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Consumers are unplugging. Brands and marketers, your move.

People are unplugging not only as a "digital detox”, but also because they're being pushed to buy things they don’t need. What next?

unplugging consumers marketers brand marketing advertising GenZ

“I’m unplugging for a bit,” my godchild told me a few weeks ago – when I said that I was going to join Campaign Middle East, a title that closely follows how brands and marketers influence, persuade, and vie for people’s time and attention, especially on social media. “It will be low-key awesome if you ask people why we have become sus about clout. Time for brands to stop selling to us like we’re delulu,” she added.

The casual conversation began with a debate on whether influencer marketing is actually “influencing” my godchild and her peers at university who are now entering the workforce, and deciding where to spend their genuinely hard-earned money.

As all good conversations do, this one segued into broader banter with opinions voiced that brands and marketers seem stuck in “escape rooms” (sic) and echo chambers with millennials and GenX, without taking the viewpoints of younger generations into consideration.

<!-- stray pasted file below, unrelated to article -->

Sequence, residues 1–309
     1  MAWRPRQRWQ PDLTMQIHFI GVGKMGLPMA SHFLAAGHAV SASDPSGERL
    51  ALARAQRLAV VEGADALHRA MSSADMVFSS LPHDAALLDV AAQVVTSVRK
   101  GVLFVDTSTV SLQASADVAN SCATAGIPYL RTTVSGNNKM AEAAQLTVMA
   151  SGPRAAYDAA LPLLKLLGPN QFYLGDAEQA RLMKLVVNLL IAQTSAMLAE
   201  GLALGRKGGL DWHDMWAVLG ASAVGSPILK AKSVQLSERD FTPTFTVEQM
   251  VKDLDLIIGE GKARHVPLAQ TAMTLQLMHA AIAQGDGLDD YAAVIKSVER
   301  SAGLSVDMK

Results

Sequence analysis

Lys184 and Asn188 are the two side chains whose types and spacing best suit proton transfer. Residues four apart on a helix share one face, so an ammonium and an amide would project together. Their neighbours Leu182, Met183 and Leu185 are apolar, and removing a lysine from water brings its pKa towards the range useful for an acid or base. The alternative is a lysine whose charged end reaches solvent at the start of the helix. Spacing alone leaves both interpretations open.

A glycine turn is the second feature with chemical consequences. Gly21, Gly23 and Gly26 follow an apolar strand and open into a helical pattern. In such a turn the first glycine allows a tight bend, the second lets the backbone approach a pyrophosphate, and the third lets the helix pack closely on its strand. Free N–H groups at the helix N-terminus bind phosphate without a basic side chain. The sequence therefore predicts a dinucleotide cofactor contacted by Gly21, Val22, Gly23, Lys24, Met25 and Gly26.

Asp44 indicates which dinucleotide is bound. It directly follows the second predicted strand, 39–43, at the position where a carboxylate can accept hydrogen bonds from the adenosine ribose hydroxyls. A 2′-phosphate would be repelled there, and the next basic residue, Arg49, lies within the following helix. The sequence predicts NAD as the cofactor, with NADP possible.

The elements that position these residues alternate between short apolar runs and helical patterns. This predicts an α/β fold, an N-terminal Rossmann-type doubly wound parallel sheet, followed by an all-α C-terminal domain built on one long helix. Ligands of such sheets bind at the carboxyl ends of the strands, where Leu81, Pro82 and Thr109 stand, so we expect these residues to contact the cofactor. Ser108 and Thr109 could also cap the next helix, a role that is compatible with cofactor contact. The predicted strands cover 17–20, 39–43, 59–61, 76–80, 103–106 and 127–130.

Unsurprisingly, conversations around the Rotonde and The Palais at Cannes Lions echoed these thoughts. The global brand building and marketing community agreed to the fact that there is insufficient targeted research to understand the effectiveness of campaigns on Gen Z and Gen Alpha.

The unplugging trend, which began as a “detox” for mental health and well-being seems to have become more nuanced in its approach, with Gen Z pulling the plug on social media because marketers are attempting to sell them things they don’t actually need.

Relevant to the Middle East?

Yes, the unplugging sentiment had now been sounded in the safe space of a home, and expressed across the halls of the global community at Cannes – but how relevant was this to the Middle East region?

When I raised the question, Mary Smiddy, business lead at MSL Group Middle East, said, “The trend of Gen Z consumers seeking to unplug from social media platforms and reduce their screen time is noticeable, whether this is through a digital detox, switching to ‘dumb phones’ or completely removing themselves digitally.”